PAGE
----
Civil War Blog

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Smaller Civil War Railroad Stations En Route on the Lykens Valley Railroad

Posted By on April 18, 2016

Other than the main railroad stations on the Lykens Valley Railroad at Lykens Borough, Elizabethville, and Millersburg (Lenkerville), there were at least three other smaller stations en route.  Previously on this blog, a post featured the Oak Dale Station and the Civil War.  As mentioned in that post, the stop at Oak Dale later became Loyalton.  There were at least two other known stops which, according to information found in the Interstate Commerce Commission files, had small railroad buildings.  The photographs of these buildings in the files all were taken around the time of World War I and it is not known if those building were from the Civil War era.  They will be pictured in this post, in the hopes that a rail enthusiast can determine their age and report it here in a comment added to this post or by sending an e-mail to the Project.

None of these buildings have survived to the present, but the exact location of the Oakdale, Lenkers and Woodside buildings has been determined as follows:

A Google search for Woodside in Dauphin County produced the following result: Roadside Thoughts. Also:  Dauphin County Railroad Stations.  “This depot was on the east side of Woodside Station Road on the south side of the tracks at approximately GPS: 40.532202, -76.910003.”

A Google search for Lenkers in Dauphin County produced the following result for “Lenker”:  Dauphin County Railroad Stations.  “This station was on the east side of Lenker Station/Mohr Road on the south side of the tracks at approximately GPS: 40.537569, -76.864172.”

The Oakdale Station, according to the Dauphin County Railroad Stations site, “was on the east side of Oakdale Station Road on the north side of the tracks at approximately GPS: 40.556024, -76.759528.”

A map on the Dauphin County Railroad Stations site shows the location of the stations en route on the Lykens Valley Railroad:


Traveling West from Lykens, the first station is Oak Dale (or Oakdale), followed by Elizabethville.  Then follows Lenkers and Woodside, and the railroad merges with the Northern Central Railroad at Millersburg (Lenkerville).


Oak Dale (Loyalton)


The above damaged photo is from the Interstate Commerce Commission files of 1916.  The role of the individual sitting in the doorway is unknown.


The above standard picture has been around for a while and the owner of the original is unknown.  A few years ago, free copies could be obtained at the restored Lykens station in Lykens Borough.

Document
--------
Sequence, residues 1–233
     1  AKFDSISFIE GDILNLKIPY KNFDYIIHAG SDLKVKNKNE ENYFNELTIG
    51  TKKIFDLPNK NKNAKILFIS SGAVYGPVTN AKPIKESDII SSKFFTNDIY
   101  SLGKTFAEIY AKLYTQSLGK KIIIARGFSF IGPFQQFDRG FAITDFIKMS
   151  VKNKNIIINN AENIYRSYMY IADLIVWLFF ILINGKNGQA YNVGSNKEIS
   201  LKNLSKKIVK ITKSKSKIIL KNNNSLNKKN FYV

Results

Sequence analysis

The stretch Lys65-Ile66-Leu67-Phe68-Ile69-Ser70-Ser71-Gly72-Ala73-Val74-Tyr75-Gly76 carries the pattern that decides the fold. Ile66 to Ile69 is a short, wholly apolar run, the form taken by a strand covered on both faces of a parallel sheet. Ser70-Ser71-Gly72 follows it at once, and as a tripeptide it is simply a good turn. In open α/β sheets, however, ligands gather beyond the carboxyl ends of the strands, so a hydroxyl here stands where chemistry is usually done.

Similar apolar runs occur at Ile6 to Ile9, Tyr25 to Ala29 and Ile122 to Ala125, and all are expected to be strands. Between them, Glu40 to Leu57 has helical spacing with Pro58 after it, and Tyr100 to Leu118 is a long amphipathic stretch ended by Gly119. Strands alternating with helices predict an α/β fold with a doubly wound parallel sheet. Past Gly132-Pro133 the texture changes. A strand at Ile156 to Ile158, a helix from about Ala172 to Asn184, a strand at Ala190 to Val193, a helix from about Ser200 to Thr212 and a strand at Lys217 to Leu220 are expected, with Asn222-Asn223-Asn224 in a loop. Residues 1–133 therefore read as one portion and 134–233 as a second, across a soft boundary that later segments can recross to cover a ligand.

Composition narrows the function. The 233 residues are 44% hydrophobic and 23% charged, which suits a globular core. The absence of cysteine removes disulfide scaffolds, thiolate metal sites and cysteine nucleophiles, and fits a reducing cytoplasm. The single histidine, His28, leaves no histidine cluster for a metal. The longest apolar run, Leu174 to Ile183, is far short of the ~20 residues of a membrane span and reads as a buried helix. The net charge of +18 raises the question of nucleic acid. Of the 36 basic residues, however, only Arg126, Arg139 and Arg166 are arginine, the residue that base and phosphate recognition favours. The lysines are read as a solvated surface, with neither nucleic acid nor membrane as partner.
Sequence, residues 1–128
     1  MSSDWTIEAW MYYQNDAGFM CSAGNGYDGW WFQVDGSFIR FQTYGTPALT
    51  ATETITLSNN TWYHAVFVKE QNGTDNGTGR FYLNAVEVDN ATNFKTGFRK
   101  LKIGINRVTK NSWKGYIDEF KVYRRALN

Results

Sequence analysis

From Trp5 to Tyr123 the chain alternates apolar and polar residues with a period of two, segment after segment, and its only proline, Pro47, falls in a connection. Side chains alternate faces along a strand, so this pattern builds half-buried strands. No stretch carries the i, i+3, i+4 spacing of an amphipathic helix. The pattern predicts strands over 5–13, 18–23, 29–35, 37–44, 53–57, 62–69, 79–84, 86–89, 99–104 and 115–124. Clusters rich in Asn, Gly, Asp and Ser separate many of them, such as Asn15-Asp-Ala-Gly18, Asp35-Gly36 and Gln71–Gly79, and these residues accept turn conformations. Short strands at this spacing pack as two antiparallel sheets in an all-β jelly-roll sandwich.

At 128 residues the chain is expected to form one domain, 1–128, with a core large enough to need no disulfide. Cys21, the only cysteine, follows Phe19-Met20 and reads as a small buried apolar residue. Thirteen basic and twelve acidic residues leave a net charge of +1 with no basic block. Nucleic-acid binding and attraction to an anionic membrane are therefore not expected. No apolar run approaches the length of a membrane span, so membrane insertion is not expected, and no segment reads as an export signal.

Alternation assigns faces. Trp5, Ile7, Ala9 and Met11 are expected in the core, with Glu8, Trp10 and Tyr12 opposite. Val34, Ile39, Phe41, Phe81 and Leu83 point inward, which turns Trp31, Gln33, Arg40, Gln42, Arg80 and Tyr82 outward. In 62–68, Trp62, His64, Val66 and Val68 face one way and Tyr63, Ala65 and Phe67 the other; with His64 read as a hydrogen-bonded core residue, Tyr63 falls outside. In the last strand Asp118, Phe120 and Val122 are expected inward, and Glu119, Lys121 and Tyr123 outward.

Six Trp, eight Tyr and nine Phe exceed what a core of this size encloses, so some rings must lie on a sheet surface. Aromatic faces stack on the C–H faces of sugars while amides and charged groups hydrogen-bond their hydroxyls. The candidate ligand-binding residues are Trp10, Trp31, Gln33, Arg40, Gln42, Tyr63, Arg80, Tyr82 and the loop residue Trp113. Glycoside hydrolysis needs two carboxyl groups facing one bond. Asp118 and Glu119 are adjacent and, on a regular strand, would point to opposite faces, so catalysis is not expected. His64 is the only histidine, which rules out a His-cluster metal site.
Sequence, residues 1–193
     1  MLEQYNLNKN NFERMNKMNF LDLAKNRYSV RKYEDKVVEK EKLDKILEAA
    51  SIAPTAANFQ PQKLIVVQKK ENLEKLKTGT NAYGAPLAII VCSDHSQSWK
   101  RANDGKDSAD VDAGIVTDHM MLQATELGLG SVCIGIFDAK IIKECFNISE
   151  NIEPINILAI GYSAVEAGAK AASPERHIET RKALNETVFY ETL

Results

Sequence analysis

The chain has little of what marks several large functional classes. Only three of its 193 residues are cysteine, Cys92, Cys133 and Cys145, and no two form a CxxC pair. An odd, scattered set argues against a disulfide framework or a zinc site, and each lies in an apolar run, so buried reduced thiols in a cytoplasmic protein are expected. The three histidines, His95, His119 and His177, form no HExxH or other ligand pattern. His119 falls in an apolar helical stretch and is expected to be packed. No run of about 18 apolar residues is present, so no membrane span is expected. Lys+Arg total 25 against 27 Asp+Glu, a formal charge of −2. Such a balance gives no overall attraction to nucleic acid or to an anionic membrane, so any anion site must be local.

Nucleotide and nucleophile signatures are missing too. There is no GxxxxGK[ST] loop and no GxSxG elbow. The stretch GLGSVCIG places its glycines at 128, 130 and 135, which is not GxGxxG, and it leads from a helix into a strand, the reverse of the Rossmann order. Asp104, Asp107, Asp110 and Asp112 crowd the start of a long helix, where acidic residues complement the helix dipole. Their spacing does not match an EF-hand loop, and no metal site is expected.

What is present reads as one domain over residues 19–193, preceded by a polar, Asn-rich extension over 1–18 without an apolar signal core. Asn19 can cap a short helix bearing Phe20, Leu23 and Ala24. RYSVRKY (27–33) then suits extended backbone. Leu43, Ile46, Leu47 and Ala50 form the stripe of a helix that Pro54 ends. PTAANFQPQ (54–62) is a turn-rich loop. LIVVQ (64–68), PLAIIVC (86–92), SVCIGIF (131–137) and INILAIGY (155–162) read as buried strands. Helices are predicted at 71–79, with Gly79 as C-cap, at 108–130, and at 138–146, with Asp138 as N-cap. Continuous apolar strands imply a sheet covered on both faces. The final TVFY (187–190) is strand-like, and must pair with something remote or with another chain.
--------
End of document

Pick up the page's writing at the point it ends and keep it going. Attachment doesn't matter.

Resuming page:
The above picture of passengers at the Loyalton station is rare – and the original, taken with a box camera, is in a family collection.  William Dietrich (1896-1977) of Specktown Road, Lykens Township, his wife Helen (1895-1977), and children Harold and Kathryn are shown either waiting for a train or just arriving in Loyalton.  The picture can be dated with the ages of the children:  Harold was born in 1919 and Kathryn in 1915.  During World War I the Dietrich family lived in Harrisburg where William worked in the steel mills.  In 1919, Helen’s grandmother, Hannah [Rickert] Riegle died. Her “sale” took place in 1920 and William & Helen purchased Hannah’s home and 6 acre farm in Lykens Township.  Hannah was the Civil War widow of Harrison Riegle who served in the 103rd Pennsylvania Infantry.




One of the only known photos of the Lenkers Station is from the Interstate Commerce Commission files of 1916.




The blurred photo (above) shows a wide view of the Woodside Station and three men, probably workers, and the single track line heading East past the station.


And, the final photo shows four boys, possibly workers at the Woodside Station.  Can anyone identify the contraption on the boy to the right who is standing in front of the window?  The boy on the ladder appears to be changing  the signaling device.


All of the three station buildings were built in the same style and have a small tool shed on the right side of the building.  The photographs were all taken at a time when the Pennsylvania Railroad operated the line and the town signs are in the Pennsylvania Railroad style (maroon with gold lettering).


Comments are always welcome!


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